The country has failed to complete the European Directive by offering “fair and adequate” compensation to victims of violent crimes, judges in Luxembourg said on Tuesday.
According to an EU policy put in place 12 years ago, the compensation must be given to all EU citizens affected by violent crime, by the government of the country where the crime was committed – even if the victims are not from that country.
The law applied to any intentional violent crime, including bodily harm, sexual assault, violent robberies and murder, if the culprit is not identified or if they are unable to pay damages themselves.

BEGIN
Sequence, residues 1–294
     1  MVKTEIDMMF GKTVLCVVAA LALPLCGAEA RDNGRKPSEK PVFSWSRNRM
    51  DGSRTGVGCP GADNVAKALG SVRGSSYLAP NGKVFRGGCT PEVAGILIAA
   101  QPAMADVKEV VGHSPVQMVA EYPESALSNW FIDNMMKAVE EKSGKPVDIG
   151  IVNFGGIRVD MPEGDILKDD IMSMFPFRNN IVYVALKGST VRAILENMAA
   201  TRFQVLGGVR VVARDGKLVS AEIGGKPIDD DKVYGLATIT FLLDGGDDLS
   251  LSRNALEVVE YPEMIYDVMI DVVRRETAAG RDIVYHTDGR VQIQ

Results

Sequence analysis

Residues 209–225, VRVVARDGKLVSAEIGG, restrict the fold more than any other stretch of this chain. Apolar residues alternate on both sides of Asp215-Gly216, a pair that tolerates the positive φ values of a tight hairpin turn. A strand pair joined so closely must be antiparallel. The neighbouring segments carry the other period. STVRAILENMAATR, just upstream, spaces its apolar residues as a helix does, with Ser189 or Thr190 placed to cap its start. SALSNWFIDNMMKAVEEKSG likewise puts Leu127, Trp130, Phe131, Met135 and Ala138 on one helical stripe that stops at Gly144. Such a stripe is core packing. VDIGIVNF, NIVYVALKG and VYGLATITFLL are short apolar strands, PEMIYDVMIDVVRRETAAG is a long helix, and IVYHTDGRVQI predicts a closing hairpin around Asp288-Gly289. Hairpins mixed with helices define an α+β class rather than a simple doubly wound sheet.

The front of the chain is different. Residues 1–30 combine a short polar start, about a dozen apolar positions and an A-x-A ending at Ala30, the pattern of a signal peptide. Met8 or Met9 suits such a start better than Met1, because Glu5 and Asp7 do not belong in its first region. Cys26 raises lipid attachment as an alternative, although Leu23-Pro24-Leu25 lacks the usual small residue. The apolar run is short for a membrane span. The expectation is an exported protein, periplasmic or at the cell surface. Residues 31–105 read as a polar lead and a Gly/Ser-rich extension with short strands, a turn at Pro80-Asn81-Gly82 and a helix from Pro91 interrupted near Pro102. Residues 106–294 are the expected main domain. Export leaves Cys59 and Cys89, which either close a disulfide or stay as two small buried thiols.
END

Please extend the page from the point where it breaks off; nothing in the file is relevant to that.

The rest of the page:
In Italy, separate laws cover compensation for victims of terrorism or organized crime, but in other cases, damages are often only awarded when the victim earned less than €11,000 per year.
However, the judgement on Tuesday ruled that Italy needed to bring its policies in line with the European Directive, in order to avoid discriminating on the grounds of nationality applied to this law.
The court ruling has retroactive effect, so that victims who had previously been denied compensation could sue for damages.
Italy's Ministry of Justice responded to the ruling, saying it had made the “necessary changes” and was ready to “proceed promptly” with claims for compensation relating to crimes committed before the law came into force.